Reza Kahlili, a former member of the Revolutionary Guards turned spy for the CIA, reports that there is another secret site in Isfahan Province on the outskirts of Najafabad hidden under a medicine factory called Abu Reyhan. His sources, including at least one person who has been inside, say it can hold 800 centrifuges, The site has already been used to test a neutron initiator and nuclear implosion system, and the development of a warhead for a Shahab-3 missile is nearly complete. The site is run by NDR and Fakhrizadeh and 10 other scientists work there, he says.

Kahlili identifies a second site is in Kerman Province on the outskirts of Shahrokhabad under the official name of the Martyred Bahonar Training Center. The site is designed to process uranium ore into yellowcake. He is unsure if the yellowcake is converted at this site into gas form for insertion into centrifuges or if that is done at the declared Isfahan site.

At the same time, the declared nuclear sites are moving forward. Iran says it has completed installing 2,800 centrifuges at the underground Fordo site located near Qom. This site, exposed in 2009, is built to withstand aerial strikes and is uniquely designed for making bomb-grade uranium. It is simply unfit for a domestic energy program. If Iran increases the number of operating centrifuges from 700 to almost 1,400 as is expected, the Fordo site’s enrichment output will double.

Once Iran gets the necessary bomb-grade fuel for a weapon, it still must assemble a nuclear-armed missile. The U.S. believes there is enough of a time gap for serious action to be taken. Plus, it is believed that Iran has not yet mastered the nuclear triggering mechanisms. Israeli Prime Minister Netanyahu argues that this hope is based in overconfidence. A detonator could be constructed in less than a year in a “small workshop the size of a classroom” and a warhead could be assembled in a similarly small facility.

A former German Defense Ministry official wrote on November 26 that Iran could be on the “verge of producing weapon-quality plutonium.” Iran’s plutonium track towards nuclear weapons receives much less attention. He notes that Iran removed the spent fuel rods from its light water reactor at Bushehr on October 22. There may be a technical reason for this, he says, or it could be a move to create bomb fuel. It could take as little as three or four months to convert the plutonium from the rods into fissile material. Kahlili says the site he exposed is tied to the plutonium program as well.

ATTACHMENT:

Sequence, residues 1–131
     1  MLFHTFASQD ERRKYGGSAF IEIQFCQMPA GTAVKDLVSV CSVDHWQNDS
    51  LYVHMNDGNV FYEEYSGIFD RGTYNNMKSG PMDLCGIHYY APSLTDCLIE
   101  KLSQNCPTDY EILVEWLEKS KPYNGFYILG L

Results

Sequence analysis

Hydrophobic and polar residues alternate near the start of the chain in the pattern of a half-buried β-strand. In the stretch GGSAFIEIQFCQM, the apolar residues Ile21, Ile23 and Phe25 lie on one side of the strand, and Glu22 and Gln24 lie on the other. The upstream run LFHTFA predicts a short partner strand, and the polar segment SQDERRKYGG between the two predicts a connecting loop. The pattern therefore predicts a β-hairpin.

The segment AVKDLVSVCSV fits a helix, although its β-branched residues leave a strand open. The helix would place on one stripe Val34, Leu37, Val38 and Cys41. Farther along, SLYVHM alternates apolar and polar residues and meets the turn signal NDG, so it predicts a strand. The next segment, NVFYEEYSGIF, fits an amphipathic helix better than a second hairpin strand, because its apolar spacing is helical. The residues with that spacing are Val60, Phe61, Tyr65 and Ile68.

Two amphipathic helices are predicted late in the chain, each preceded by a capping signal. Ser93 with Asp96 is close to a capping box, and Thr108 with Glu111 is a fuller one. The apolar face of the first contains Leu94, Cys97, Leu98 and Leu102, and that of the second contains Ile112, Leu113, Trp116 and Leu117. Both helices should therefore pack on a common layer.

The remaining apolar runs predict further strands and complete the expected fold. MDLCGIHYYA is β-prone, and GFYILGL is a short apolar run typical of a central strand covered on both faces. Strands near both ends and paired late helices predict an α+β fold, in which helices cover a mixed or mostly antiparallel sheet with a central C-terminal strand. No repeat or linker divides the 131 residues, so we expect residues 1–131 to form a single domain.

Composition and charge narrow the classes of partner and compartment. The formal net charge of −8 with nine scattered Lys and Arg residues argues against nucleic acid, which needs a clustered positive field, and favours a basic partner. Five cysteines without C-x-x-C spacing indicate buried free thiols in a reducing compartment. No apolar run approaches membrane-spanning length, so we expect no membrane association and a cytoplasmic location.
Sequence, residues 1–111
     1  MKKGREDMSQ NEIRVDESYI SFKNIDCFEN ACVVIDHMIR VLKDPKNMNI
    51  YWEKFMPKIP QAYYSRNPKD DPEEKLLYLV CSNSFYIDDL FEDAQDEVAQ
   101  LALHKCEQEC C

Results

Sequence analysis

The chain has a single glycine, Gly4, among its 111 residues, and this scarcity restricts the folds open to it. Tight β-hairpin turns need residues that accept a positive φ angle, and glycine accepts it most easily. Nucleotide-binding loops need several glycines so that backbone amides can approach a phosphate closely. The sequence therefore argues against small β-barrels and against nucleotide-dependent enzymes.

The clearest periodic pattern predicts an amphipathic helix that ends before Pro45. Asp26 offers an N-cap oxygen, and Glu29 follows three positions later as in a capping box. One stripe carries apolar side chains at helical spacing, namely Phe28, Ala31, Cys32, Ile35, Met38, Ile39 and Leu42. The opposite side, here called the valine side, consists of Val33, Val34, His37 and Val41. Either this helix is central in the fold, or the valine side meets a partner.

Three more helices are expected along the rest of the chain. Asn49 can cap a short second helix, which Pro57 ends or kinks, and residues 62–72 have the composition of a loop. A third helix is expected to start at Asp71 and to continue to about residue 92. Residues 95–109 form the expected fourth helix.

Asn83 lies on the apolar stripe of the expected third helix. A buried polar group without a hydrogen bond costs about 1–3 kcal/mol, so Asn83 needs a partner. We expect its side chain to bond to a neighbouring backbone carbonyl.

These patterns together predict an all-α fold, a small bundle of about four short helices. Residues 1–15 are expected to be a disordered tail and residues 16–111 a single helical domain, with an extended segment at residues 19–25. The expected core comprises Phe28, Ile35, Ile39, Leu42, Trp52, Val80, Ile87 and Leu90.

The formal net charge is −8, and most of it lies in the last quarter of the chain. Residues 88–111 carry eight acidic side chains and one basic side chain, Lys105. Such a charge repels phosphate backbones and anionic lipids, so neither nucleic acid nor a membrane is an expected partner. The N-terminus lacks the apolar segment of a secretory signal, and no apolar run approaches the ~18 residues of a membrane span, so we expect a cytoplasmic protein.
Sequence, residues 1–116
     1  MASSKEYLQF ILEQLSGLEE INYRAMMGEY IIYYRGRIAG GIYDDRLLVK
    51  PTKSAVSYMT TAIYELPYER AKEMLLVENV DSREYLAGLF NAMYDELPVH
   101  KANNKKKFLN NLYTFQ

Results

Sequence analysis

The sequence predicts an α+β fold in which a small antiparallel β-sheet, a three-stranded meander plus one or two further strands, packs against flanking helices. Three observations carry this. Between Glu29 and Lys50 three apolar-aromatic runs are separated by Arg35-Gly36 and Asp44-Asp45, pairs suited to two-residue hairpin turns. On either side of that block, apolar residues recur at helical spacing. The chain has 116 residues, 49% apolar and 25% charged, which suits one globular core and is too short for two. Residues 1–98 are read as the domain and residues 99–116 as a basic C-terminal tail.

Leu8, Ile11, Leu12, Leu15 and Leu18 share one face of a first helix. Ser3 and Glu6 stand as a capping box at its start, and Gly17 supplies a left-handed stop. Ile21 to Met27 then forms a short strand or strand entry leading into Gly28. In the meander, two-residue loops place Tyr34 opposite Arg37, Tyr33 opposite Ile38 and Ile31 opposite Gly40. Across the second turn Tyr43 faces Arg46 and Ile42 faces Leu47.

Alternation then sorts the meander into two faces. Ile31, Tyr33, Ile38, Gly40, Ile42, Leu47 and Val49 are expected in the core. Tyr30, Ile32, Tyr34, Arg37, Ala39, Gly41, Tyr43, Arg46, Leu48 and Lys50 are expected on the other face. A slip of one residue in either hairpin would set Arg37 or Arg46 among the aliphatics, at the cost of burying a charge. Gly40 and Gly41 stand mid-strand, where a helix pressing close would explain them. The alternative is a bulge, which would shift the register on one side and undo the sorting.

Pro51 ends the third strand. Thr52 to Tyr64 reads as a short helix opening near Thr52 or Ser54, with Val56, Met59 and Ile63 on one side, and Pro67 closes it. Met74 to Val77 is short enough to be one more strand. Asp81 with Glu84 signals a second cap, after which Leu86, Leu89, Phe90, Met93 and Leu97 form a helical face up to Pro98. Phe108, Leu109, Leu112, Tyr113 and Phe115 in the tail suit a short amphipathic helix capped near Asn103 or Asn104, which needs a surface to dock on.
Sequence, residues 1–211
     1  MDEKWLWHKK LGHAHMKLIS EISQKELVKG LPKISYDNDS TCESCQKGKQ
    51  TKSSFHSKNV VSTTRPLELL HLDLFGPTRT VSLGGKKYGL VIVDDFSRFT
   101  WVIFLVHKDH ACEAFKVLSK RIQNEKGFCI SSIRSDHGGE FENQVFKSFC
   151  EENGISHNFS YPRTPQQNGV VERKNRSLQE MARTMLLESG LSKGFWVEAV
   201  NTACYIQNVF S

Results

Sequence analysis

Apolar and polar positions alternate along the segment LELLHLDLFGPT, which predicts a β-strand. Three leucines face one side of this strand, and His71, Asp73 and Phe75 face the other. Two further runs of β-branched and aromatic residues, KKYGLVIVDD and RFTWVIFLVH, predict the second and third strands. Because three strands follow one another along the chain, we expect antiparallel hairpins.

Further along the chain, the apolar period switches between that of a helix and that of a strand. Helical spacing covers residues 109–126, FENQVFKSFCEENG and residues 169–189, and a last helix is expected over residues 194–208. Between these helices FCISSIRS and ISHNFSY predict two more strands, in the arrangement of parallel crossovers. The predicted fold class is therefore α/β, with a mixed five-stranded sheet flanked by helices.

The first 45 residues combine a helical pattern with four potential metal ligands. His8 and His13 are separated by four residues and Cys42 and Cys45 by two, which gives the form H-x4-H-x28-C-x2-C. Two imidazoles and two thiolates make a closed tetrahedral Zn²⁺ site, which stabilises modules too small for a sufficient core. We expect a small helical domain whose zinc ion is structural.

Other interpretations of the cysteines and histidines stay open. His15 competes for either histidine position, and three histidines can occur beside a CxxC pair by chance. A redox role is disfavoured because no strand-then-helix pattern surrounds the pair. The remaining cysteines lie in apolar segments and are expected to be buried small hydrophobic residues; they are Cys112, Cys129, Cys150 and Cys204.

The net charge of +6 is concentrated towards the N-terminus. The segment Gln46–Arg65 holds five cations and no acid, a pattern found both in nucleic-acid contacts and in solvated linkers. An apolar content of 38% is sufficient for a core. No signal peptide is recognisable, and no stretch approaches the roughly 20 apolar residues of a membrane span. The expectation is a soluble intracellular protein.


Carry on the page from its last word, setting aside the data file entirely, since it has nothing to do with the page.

Hopefully, economic stress, internal unrest and sabotage are enough to significantly delay Iran’s nuclear program. The MI6 chief said that if it weren’t for covert British operations, Iran would have had the bomb in 2008. The tempo of obvious sabotage operations declined in February but discreet sabotage operations may be underway that are just as effective.

The Iranian regime said in August that small explosions had cut the power to the Natanz and Fordo sites. An exploding rock severed a power line to the Fordo site one day before a scheduled visit by the IAEA. A sudden power outage could damage the quickly-spinning centrifuges. Iran predictably claimed no damage was done, a claim supported by the IAEA that said it didn’t detect any damage. It has been reported that the rock was actually an intelligence-gathering device that self-destructed upon human contact.

The U.S. intelligence community is full of heroes, but they aren’t perfect. Look at Iraq, Benghazi and the failures to stop the 2009 Fort Hood shooting and the 2010 underwear bomb plot. The price of being wrong on Iran is too high for the world to take chances.

To sign up for’s webinar with Reza Kahlili, click here.

Ryan Mauro is's National Security Analyst and a fellow with the Clarion Fund. He is the founder of and is frequently interviewed on Fox News.